This Monday was my first day at Insider, and after nearly three years at HasGeek - the first and only company I’ve worked at - this is rather bittersweet.
I could not have found a better company to join straight out of college. Nearly every opportunity I’ve gotten (and things I’ve been involved with) can be traced back to HasGeek in some way. I owe Kiran and Zainab immensely for giving me a chance then and for constantly backing me over the past three years.
Of all the things I love about HasGeek, the one that I value the most is the unyielding set of principles with which Kiran and Zainab operate it. And it shows because nearly everyone who has worked at HasGeek has internalized those principles in some way.
There was always a simple lens through which every decision was made - “Is this the fairest and most honest way we can do this?”
For a bootstrapped company in a highly stressful and competitive space, you could easily justify not doing a lot of these things and nobody would question it. And yet, HasGeek had free childcare at all its conferences, 100% open sourced its tech, matched donations of employees to causes they support, implemented a no-questions-asked refund policy, ran a completely free job board for the community, and the list goes on.
You’d be hard-pressed to find a company that strives to be as fair, open, and inclusive as HasGeek does.
I may not work there anymore, but HasGeek has irreversibly shaped my outlook on how to approach things thing, and how to do things the right way.
That said, looking back at the last three years there, I’ve come to realize that I need to try something new - if not anything else but for the sake of something new. And after talking to Abhishek and Neehar from Insider, it became very apparent that this was the best next step to take.
What I’m doing at Insider
The more interesting part, however, is that I’m also going to help build out the organizer and community tools on Insider.
One is that independent organizers - i.e. those who run non-commercial events (or do it part-time) - have no tools in India to support them in a sustainable way.
Communities in India today are largely on Facebook groups, WhatsApp groups, and Meetup.com - and none of these platforms allow organizers to make things sustainable (or even profitable). The amount of money and time they put into running the community far exceeds anything they can recover from it.
There are ticketing platforms like Townscript, Explara, etc to help organizers run paid events - but they all suffer from the same problem - they aren’t the place the community is, and the high fees they charge provides little-to-no value if all they do is ticketing.
The second issue for organizers in my experience is that there is no one “home” for an online community in India.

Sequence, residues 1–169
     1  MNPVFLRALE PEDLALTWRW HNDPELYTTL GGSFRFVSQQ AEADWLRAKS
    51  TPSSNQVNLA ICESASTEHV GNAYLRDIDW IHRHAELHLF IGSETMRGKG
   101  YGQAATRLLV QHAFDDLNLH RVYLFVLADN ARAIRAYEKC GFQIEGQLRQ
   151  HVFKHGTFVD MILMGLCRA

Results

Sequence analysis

Organizers may operate on just one or two social media platforms because of the overhead in managing more than that, and it’s a problem because by doing so, they automatically eliminate all the people who are elsewhere. Some bigger ones can afford to have a website to point people to and then redirect them to the best platform for them, but this isn’t feasible for smaller organizers.
The third and most important problem, in my opinion, is that there is very little discoverability offered on the current platforms.
Three years doing tech events and two years doing board games, and we still rely on word of mouth or traditional marketing channels to reach new people.
Running a community or part-time events business is hard enough without having the overhead of actively putting in the effort to market and reach new people.
Now Meetup.com may seem like one solution, but they seem to push people to join as many groups as possible, irrespective of how interested they may be in them, and that’s not great because now organizers have a false sense of size.
These are the stats of the board game community I run on Meetup. We’ve had an event listed every week for the past 83 weeks, and still the active member list hovers around 120 people - I don’t believe this is worth paying Rs. ~4,000/year for.
Where Insider (and I) fit in
Insider is extremely well suited for that third problem - discoverability. Having done the hard work of getting music, comedy (and even some IPL) tickets on the platform, there are lots of users on Insider just looking for the interesting things to do in their city.
It’s easy to see the value for a small community organizer to find herself listed next to, say, Rohan Joshi and Zakir Khan’s comedy show.
The value proposition for Insider in this equation is simple - there is very little stickiness with those who buy tickets for music gigs, comedy shows, and the IPL - they’ll just move to the next platform that sells those tickets.
Insider’s pitch to their users is that they’ll come for that Prateek Kuhad show, but stay for the amazing photography walk they found.
Alongside this, I’m also hoping to build out some simple tools to make your lives easier for community organizers - whether that’s maintaining a mailing list/newsletter, managing RSVPs, charging for events, or just having a central online hub for your community that you can point people to - irrespective of where else on the internet you are.
Your Facebook/WhatsApp/Meetup groups aren’t going away anytime soon, but maybe this can help supplement them.
If you run a community or organize small-scale events and these problems seem to ring a bell, I’d love to talk to you! You can find me on Twitter at @karthikb351 or just shoot me a mail at [email protected].